We both went into the ‘relationship’ at full speed. I had a deadline to meet and a lot of points to prove. I had to make him comfortable around me very quickly and establish a good connection. Luckily, the connection was there and we got on very well. We had a lot in common, that made the ‘getting to know each other’ process very easy. Our languages are almost similar, with the exception of certain clicks. Even though he liked me very much, he did have something against Zulus in general. I didn’t want to push this emotion but I wondered why he felt that way, or if he ever thought about the reason he doesn’t like them. He probably just inherited it. Here are examples of his remarks that led me to this conclusion:
“My work is 100% Xhosa; I don’t want any Zulus or any nonsense.” Talking about his project I assisting with. Me – Zulu nonsense.
“I can’t stand Zulu girls, they are full of themselves.” Said a guy who was sleeping with a Zulu girl that is probably really full of herself. I stopped what I was doing and looked at him, imagine my shock. He responded to the look by, “Not you baby, I like you.”
I couldn’t help being fascinated about this. Did he feel like he was sleeping with the enemy? Maybe that was some kind of fetish he had, the thought of having someone culturally unfit for you. A friend of mine accused me of doing the same thing, I found that hilarious. I have never, not even once, looked at Xhosas as enemies. To be completely honest, I enjoyed the company of the Xhosa guy. I never felt like I was with an enemy, instead he was quite fun. He made me laugh, and was quite loving. Based on my experience with this guy, I’d say not all Xhosa guys are manipulative liars. The ‘relationship’ didn’t last long but it was long enough for my research findings.
The break up had nothing to do with our languages or tribes. I refuse to believe that personal clashes have anything to our cultures. I cannot conclude on this feud yet, I’m yet to investigate further. Visit Xhosa areas, date more, befriend more, and maybe I’ll finally get to understand this whole thing. I did ask some of my own people, the Zulus, why they feel like they were born to be Xhosa enemies. Honestly, there wasn’t any concrete response. It was all stereotypes and mega ethnocentrism. Xhosas being liars is the first excuse, but who doesn’t lie? You would be amused by all the advice I got when people found out that I was dating a Xhosa guy.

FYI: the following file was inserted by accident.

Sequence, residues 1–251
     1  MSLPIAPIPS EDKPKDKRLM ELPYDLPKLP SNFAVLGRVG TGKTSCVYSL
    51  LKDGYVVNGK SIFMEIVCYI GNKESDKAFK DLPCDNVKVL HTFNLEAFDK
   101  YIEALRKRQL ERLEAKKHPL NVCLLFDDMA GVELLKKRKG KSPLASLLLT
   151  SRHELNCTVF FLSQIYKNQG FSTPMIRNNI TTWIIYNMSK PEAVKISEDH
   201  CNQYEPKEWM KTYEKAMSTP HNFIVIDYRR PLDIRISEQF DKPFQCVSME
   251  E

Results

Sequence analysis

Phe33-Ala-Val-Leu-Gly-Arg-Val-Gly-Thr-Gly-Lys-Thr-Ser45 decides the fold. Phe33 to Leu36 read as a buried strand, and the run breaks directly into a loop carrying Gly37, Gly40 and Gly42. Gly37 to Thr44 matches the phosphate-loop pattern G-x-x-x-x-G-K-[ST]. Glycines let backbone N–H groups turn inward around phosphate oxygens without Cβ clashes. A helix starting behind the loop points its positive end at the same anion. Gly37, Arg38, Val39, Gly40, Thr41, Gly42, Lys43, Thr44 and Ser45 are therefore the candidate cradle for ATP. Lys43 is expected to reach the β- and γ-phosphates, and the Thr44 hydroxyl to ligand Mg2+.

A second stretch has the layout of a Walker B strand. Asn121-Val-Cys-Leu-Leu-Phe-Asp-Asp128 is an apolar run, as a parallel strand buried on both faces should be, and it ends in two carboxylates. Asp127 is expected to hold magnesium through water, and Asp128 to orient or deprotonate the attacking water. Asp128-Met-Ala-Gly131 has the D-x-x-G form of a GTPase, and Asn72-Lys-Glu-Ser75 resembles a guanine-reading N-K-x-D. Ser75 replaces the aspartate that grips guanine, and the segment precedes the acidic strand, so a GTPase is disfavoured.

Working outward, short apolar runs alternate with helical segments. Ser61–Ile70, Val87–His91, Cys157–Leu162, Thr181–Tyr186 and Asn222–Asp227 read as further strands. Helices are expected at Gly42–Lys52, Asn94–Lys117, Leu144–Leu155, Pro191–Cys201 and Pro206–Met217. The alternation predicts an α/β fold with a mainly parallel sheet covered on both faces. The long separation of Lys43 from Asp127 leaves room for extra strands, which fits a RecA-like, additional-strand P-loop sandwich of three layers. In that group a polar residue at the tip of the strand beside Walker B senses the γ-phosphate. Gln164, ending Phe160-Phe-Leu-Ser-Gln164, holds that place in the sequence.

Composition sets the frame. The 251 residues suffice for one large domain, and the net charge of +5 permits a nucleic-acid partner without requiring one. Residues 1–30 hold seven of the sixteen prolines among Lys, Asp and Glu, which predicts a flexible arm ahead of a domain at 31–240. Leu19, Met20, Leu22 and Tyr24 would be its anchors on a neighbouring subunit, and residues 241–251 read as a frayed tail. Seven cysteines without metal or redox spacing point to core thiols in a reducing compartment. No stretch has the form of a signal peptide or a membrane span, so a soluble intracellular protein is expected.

The question of Xhosa girls being gold diggers and Zulu men being stingy… this is one of the reasons you hardly find these type of couples. It’s not about personalities being compatible, or cultures clashing, but rather the lifestyle in which each tribe chooses to live. I did a little investigation in this matter too, just so I hear from the Xhosa girls and how they take the allegations. Imagine my amusement after learning that this is true. The term isn’t gold-digging by the way, but assertiveness. They explained to me that they are raised to directly ask men for what they want and this is them merely reminding him of his primary duty – providing for his woman. I enjoyed hearing the comments, and how money has become a primary thing in modern day relationships. As for Zulu brothers being stingy, maybe I can confirm but then again how many have I dated? Another question that arose to me was; does culture/tribe influence how a person looks at finances?
These are some crazy assumptions and stereotypes that need to be addressed, for not only South Africa, but Africa as well, to be more peaceful and united. This is not the only tribal feud in the history of Africa, there are many more – the Rwandan genocide being the most brutal to be recorded in African history. As non violent as the Zulu vs Xhosa feud is in these times, the fact that people still feel the need to address one as ‘Zulu girl’ or ‘Xhosa girl’ shows it is far from over. How can we be sure that violence between tribes will never occur again? I don’t want to raise children who grow up not liking other people just because they speak a different language, or belong to a different tribe. For what its worth, I’d date this Xhosa guy again, even try for a real relationship this time around. For now, let me continue my research on tribal wars and maybe I could stumble upon a solution to end them once and for all.
6,030 total views, 6 views today